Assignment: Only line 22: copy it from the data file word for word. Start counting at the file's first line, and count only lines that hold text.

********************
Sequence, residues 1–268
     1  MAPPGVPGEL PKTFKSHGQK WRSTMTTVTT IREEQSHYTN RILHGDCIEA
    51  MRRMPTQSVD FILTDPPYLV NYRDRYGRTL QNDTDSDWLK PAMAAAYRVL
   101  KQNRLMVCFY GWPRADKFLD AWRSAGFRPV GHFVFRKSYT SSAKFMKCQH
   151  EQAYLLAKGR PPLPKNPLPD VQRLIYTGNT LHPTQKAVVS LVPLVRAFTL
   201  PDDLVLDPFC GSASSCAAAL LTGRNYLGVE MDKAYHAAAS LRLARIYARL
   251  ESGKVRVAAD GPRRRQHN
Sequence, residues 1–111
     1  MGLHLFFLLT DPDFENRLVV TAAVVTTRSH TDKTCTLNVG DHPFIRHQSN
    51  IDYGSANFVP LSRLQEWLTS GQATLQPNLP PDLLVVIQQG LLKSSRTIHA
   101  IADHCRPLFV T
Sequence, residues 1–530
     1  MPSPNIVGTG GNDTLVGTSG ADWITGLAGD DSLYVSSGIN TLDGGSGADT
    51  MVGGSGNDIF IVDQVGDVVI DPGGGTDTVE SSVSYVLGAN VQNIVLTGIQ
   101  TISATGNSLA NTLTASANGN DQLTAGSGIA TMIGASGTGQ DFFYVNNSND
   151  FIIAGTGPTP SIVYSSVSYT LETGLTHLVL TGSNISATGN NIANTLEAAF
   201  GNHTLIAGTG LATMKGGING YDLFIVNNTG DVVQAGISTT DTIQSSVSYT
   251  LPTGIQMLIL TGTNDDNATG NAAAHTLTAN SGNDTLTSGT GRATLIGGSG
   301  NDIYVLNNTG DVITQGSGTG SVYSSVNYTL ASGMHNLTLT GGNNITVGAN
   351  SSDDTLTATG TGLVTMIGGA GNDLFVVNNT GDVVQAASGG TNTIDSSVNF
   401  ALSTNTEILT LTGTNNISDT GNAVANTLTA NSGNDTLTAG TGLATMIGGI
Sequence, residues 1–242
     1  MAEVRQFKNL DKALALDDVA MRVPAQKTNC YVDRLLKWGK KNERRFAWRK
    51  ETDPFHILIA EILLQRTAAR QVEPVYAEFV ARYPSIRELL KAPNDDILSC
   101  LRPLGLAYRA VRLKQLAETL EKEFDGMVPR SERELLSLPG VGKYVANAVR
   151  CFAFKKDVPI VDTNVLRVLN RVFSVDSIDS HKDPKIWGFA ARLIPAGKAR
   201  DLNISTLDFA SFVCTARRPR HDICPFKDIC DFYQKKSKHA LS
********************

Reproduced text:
Sequence, residues 1–242